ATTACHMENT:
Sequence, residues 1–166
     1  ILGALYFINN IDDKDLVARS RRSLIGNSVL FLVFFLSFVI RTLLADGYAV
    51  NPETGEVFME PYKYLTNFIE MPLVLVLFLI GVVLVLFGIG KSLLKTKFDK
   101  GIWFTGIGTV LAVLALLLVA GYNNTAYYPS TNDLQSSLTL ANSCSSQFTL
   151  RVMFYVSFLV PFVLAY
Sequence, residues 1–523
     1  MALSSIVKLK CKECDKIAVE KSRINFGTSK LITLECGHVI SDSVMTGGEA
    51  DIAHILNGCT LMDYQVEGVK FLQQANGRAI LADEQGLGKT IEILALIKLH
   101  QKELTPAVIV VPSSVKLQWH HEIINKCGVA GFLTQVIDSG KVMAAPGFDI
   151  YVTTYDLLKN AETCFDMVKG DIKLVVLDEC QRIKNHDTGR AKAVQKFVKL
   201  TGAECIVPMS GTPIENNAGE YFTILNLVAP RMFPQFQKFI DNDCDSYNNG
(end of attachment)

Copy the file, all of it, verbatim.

Sequence, residues 1–166
     1  ILGALYFINN IDDKDLVARS RRSLIGNSVL FLVFFLSFVI RTLLADGYAV
    51  NPETGEVFME PYKYLTNFIE MPLVLVLFLI GVVLVLFGIG KSLLKTKFDK
   101  GIWFTGIGTV LAVLALLLVA GYNNTAYYPS TNDLQSSLTL ANSCSSQFTL
   151  RVMFYVSFLV PFVLAY
Sequence, residues 1–523
     1  MALSSIVKLK CKECDKIAVE KSRINFGTSK LITLECGHVI SDSVMTGGEA
    51  DIAHILNGCT LMDYQVEGVK FLQQANGRAI LADEQGLGKT IEILALIKLH
   101  QKELTPAVIV VPSSVKLQWH HEIINKCGVA GFLTQVIDSG KVMAAPGFDI
   151  YVTTYDLLKN AETCFDMVKG DIKLVVLDEC QRIKNHDTGR AKAVQKFVKL
   201  TGAECIVPMS GTPIENNAGE YFTILNLVAP RMFPQFQKFI DNDCDSYNNG